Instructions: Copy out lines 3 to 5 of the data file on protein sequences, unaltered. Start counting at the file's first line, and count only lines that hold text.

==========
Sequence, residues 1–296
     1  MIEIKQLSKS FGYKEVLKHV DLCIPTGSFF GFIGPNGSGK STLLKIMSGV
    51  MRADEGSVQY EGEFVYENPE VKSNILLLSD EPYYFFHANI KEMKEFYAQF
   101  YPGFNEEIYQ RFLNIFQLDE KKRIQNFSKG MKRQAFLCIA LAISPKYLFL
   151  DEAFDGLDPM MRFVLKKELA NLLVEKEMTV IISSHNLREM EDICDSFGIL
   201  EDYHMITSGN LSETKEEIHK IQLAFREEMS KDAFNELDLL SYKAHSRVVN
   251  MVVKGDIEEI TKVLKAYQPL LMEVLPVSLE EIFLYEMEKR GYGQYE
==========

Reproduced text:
    51  MRADEGSVQY EGEFVYENPE VKSNILLLSD EPYYFFHANI KEMKEFYAQF
   101  YPGFNEEIYQ RFLNIFQLDE KKRIQNFSKG MKRQAFLCIA LAISPKYLFL
   151  DEAFDGLDPM MRFVLKKELA NLLVEKEMTV IISSHNLREM EDICDSFGIL